Seattle is known for many things: fish markets, sports teams, and rainy weather to name a few. But what many folks don’t know is that we have some of the best mountain biking in the world. The backbone of mountain biking in the Seattle area is Evergreen Mountain Bike Alliance (EMBA), which has helped create an amazing progression of trails. We have great trails for riders of all abilities.
Some other riding destinations have miles of expert trails, but nothing tamer for beginner riders to get started. Our trail systems are designed to help you grow as a rider, by letting you push your limits without leaving your comfort zone. If you live in the Seattle area and are just getting started on a mountain bike, here’s our guide to making the most of it.
If you own your own bike and helmet, you’re set. But, if you’re trying out mountain biking for the first time, we recommend you start out by renting. Most bike shops have some sort of rental program, but the pandemic has changed rental availability at many shops. Call ahead and make sure they have a bike in your size. You’ll also need a bike helmet, and most shops can include one with your bike rental.
While there are some trails in the city, like Evergreen’s first trail project, the I-5 Colonnade Park, you’ll most likely have to drive to get to our trails. While you can stash your bike in your car, we recommend getting a bike rack. It’s way more convenient, and won’t make your car a giant mess.
Once you’ve got your gear, it’s time to ride! Here are our favorite zones for beginner riders.
Duthie Hill is unquestionably the best place for riders just starting out. Duthie is small in overall area, but mighty in its variety and progression. There’s a large spiderweb of trails in a concentrated area, and there are lots of options without getting too far from your car.
Mountain bike trails are rated like ski runs: Green trails are the easiest, blues are intermediate, and black and double black diamond trails are for experts. Duthie has a wide range of green, and easy blue trails from which to choose.
We recommend Bootcamp as a great warmup trail. It’s mellow and fun, making it a great place to get comfortable on the bike and build confidence. Once you’re feeling good there, branch off onto any of the other green or blue trails.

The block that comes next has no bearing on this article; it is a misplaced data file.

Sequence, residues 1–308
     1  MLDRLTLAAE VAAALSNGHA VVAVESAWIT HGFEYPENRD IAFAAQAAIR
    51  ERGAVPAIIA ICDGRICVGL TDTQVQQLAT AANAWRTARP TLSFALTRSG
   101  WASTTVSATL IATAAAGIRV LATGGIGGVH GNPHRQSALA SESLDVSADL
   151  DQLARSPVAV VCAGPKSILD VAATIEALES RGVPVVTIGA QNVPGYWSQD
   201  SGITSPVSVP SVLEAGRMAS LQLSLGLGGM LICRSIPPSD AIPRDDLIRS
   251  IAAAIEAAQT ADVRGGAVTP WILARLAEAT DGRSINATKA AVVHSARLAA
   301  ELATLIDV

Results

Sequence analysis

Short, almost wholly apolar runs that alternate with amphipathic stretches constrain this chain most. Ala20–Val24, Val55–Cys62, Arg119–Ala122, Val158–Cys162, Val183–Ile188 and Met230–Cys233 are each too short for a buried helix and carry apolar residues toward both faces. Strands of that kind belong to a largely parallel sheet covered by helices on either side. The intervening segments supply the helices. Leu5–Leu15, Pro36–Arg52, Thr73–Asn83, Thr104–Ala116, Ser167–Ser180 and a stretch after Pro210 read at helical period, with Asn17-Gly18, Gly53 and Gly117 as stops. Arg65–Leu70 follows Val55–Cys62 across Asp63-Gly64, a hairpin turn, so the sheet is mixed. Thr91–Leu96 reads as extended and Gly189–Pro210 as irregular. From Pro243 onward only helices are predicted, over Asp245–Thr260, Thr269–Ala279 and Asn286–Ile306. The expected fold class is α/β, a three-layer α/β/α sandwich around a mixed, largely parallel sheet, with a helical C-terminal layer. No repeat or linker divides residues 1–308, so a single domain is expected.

Be aware, while the beginner and intermediate trails at Duthie are perfect for first-time riders, the black and double black diamond trails have much bigger features, and are much more challenging. So if you’re feeling like a challenge and want to try a more advanced trail, just be aware that you may run into jumps and drops with mandatory gaps – look before you leap!
Raging River is a newer riding area. EMBA, the Department of Natural Resources (DNR) and volunteers have put tons of effort into building miles of trails to create a unique and awesome trail center. If you’re comfortable riding the green trails and some blues at Duthie Hill, it might be time to head to Raging River. Raging River doesn’t have quite as much truly easy terrain as Duthie, but it’s got a bunch of mellow intermediate riding, and the option for some longer loops that allow you to really cover some miles. Rides here are also much longer than the short laps at Duthie. We’d recommend starting out on the lower mountain loop of Lower Poppin Tops and Flow State, and working your way up as you gain confidence.
Raging River’s upper mountain trails are more technical, but aren’t as intimidating as Duthie’s double blacks, and offer some great views and elevation change. So if you’re looking for longer rides without scaring yourself, head to Raging River.
Some mountain bikers want big uphill grinds, followed by long, relentless descents. Others just want miles of flowing, swoopy trail. They want to climb for a few minutes, descend a few turns, and climb again. If that’s the sort of riding you’re looking for, Paradise Valley is perfect for you. Paradise Valley is more of a “Cross Country” riding area. While the other areas on this list are designed to give you a fun descent following a longer climb, Paradise valley has more rolling hills. That means you get to experience a little bit of everything throughout the ride.
Paradise Valley has 11 miles of bike trail, and almost all of it is green or blue rated. And the black diamond trails they do have aren’t steep and scary, they’re just a little more technical (think roots, rocks, and other trail features). If you’re looking to go spin some miles away, and you want an organic, flowy ride without big climbs or descents, Paradise Valley is a great riding area.
Once you’re feeling confident on the bike, Tiger Mountain is one of the best riding areas in Seattle. But it’s not for the faint of heart. Instead, it’s a good idea to work up to riding at Tiger, building skills and confidence at other areas before you head there.
Tiger Mountain has many miles of trails with a broad range of trail difficulties. However, there are still plenty of easy green and blue trails to get warmed up on. If you ride to the top of Tiger you’re treated to a great view of Mt Rainier, and then a long, fun descent down. Like Duthie, there are plenty of blue trails to challenge yourself on, and the black, and double black downhill trails are the real deal. Always make sure you’re prepared and confident for whatever trail you’re riding. A great beginner to intermediate loop climbs up Master Link, then descends Inside Passage, and returns on Northwest Timber, with the optional loop on Easy Tiger if you want more mileage.
Seattle is a great place to learn how to ride a mountain bike. Put on your shoes, throw your bike on the rack, head to one of these riding areas, and start building your skills and fitness.
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